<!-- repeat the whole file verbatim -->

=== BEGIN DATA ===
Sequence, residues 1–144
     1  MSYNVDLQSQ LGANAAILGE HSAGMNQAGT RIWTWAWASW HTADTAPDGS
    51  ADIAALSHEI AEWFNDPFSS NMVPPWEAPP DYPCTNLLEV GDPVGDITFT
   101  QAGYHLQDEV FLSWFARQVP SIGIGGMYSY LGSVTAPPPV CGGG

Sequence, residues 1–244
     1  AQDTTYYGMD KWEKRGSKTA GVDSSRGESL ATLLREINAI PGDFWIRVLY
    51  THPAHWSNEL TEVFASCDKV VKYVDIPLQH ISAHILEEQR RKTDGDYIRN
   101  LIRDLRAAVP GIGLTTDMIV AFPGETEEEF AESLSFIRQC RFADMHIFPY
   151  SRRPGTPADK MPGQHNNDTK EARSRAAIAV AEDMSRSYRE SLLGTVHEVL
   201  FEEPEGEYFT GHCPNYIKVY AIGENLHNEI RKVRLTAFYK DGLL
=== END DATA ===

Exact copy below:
Sequence, residues 1–144
     1  MSYNVDLQSQ LGANAAILGE HSAGMNQAGT RIWTWAWASW HTADTAPDGS
    51  ADIAALSHEI AEWFNDPFSS NMVPPWEAPP DYPCTNLLEV GDPVGDITFT
   101  QAGYHLQDEV FLSWFARQVP SIGIGGMYSY LGSVTAPPPV CGGG

Sequence, residues 1–244
     1  AQDTTYYGMD KWEKRGSKTA GVDSSRGESL ATLLREINAI PGDFWIRVLY
    51  THPAHWSNEL TEVFASCDKV VKYVDIPLQH ISAHILEEQR RKTDGDYIRN
   101  LIRDLRAAVP GIGLTTDMIV AFPGETEEEF AESLSFIRQC RFADMHIFPY
   151  SRRPGTPADK MPGQHNNDTK EARSRAAIAV AEDMSRSYRE SLLGTVHEVL
   201  FEEPEGEYFT GHCPNYIKVY AIGENLHNEI RKVRLTAFYK DGLL